Think about what Murthy is saying. A 70-hour work week, assuming it’s six days long, would mean almost 12 hours a day. This is in addition to the commuting time. Think of the toll it would take on your body and mind. Doctors have long warned against such a thing, pointing out that it’s not feasible over the long term. It could result in burnout, fatigue and even affect relationships. All this at a time when stress level are soaring.

Other impacts could include heart problems, sleep disorders, musculo-skeletal problems and more.

This is why the four-day work week is being considered very seriously. By the end of last year, several countries had kicked off pilot programmes to explore its feasibility and the data shows promise in the form of reduced stress and higher output.

There are various models employed. For instance, employees get 100% of their salary for working 80% of their regular hours while maintaining 100% productivity. The other model is the 32-hour work week – spread across four days. Employees can vary the number of hours from day to day so long as they log 32 over the four days. Another option is dividing 40 hours into four 10-hour days.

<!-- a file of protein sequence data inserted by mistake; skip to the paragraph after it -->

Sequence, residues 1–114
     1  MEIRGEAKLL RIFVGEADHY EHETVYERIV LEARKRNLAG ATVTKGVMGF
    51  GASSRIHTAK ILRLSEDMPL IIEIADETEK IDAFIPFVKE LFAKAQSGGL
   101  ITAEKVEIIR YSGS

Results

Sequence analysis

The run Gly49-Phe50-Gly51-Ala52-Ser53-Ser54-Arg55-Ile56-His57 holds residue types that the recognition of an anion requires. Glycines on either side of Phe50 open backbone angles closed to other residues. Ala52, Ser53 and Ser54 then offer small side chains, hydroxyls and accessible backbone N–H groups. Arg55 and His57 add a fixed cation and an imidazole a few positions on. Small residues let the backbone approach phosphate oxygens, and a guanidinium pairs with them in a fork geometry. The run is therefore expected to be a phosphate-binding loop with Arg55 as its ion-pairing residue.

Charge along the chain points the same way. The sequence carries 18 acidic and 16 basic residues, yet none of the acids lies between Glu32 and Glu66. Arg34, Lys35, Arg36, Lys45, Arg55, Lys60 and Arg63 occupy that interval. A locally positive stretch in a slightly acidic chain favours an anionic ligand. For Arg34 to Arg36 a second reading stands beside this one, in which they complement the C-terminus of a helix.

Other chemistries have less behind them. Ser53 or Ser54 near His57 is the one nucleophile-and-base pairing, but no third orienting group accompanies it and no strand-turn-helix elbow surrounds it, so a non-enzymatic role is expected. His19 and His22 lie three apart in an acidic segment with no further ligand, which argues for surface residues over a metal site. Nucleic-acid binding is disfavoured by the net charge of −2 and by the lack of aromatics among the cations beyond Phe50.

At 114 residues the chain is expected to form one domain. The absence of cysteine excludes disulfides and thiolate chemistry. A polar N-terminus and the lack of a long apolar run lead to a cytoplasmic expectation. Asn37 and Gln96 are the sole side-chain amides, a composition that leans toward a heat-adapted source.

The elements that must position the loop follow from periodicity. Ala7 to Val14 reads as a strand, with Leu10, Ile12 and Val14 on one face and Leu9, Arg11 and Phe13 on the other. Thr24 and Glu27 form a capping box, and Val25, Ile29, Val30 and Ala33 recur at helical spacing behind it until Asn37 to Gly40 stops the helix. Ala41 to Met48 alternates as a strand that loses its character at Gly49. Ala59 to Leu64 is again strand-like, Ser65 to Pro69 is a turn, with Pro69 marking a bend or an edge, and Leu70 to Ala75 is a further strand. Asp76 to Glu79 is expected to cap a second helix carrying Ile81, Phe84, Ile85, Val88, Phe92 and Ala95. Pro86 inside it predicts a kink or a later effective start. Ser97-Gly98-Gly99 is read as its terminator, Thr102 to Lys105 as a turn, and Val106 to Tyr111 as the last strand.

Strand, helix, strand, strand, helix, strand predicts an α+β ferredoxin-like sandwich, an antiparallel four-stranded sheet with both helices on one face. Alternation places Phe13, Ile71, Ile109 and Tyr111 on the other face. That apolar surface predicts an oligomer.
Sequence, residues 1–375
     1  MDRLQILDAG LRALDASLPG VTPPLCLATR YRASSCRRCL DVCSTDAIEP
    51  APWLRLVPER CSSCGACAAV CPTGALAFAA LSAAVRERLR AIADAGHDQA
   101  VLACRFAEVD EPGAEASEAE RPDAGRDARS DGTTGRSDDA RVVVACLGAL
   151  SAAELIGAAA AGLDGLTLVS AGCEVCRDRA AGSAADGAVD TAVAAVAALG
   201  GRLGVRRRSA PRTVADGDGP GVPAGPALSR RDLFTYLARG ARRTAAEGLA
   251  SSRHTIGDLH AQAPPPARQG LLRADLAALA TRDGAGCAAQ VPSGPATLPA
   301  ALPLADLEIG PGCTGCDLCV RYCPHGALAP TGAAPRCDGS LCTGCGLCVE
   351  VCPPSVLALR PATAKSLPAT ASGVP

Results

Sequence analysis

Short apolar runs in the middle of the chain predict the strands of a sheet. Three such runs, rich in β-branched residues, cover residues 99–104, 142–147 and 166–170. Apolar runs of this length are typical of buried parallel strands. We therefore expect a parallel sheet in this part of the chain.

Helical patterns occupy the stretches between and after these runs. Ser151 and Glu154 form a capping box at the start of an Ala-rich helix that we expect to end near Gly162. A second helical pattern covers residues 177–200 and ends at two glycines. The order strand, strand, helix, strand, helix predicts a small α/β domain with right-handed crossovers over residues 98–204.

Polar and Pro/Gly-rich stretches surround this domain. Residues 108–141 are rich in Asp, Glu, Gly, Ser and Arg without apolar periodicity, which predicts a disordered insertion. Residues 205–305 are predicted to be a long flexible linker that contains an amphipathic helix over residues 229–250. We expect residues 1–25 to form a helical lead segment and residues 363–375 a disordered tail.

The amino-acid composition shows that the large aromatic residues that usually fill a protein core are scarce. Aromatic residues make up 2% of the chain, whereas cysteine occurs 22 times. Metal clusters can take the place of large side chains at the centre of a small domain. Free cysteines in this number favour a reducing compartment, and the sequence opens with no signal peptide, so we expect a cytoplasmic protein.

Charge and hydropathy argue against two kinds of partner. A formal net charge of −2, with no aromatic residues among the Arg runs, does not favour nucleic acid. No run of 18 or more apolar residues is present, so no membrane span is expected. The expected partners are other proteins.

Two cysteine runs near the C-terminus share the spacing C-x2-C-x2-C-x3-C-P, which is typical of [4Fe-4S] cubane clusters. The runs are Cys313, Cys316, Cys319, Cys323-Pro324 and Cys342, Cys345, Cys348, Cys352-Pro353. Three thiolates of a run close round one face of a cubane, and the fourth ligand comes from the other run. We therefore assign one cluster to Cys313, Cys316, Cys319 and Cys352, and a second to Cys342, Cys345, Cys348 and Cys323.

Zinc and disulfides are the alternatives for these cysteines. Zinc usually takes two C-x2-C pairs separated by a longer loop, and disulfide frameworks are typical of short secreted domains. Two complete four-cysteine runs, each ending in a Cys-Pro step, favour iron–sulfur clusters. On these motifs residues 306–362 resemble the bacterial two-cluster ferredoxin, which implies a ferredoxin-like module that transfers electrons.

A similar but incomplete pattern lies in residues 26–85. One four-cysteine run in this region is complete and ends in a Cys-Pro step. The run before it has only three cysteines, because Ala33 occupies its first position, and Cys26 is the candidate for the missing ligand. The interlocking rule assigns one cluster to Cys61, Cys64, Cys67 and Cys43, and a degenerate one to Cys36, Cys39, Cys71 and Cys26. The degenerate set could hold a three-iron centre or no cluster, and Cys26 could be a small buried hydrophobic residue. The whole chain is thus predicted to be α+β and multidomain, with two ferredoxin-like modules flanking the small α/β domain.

Among the countries experimenting with the four-day work week are the US, the UK, Germany, Japan, Canada, Australia, Holland, the UAE, Iceland and many more.

Several businesses in other countries are also experimenting with it. Microsoft Japan, for instance, logged a 39.9% rise in productivity during a four-day work week experiment.

Meanwhile, a study of the ‘World’s Best Employers’ by Forbes this year showed that none of the top 15 IT companies mandated a 70-hour work week. Official hours were capped at 45 hours per week.

Murthy’s idea is primitive also because the world over people are redefining how a nation’s progress is measured. The days of economic growth being the sole barometer will be behind us soon. You can’t define life solely by an economic measure.

Take the World Happiness Index for 2023. Guess where India is – 126 on a list of 146. So, should the solution to this problem be greater work-life balance or even more work?